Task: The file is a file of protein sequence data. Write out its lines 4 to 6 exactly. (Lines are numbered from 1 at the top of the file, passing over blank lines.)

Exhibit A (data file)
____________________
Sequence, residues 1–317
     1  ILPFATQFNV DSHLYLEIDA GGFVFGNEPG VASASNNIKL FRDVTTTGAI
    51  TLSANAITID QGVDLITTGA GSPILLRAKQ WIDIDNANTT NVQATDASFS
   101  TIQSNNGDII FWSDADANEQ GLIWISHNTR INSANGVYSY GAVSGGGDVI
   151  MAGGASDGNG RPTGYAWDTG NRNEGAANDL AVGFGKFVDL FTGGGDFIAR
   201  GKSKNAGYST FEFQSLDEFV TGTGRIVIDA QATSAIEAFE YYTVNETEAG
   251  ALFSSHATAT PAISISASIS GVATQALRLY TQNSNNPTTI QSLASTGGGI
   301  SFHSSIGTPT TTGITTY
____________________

   101  TIQSNNGDII FWSDADANEQ GLIWISHNTR INSANGVYSY GAVSGGGDVI
   151  MAGGASDGNG RPTGYAWDTG NRNEGAANDL AVGFGKFVDL FTGGGDFIAR
   201  GKSKNAGYST FEFQSLDEFV TGTGRIVIDA QATSAIEAFE YYTVNETEAG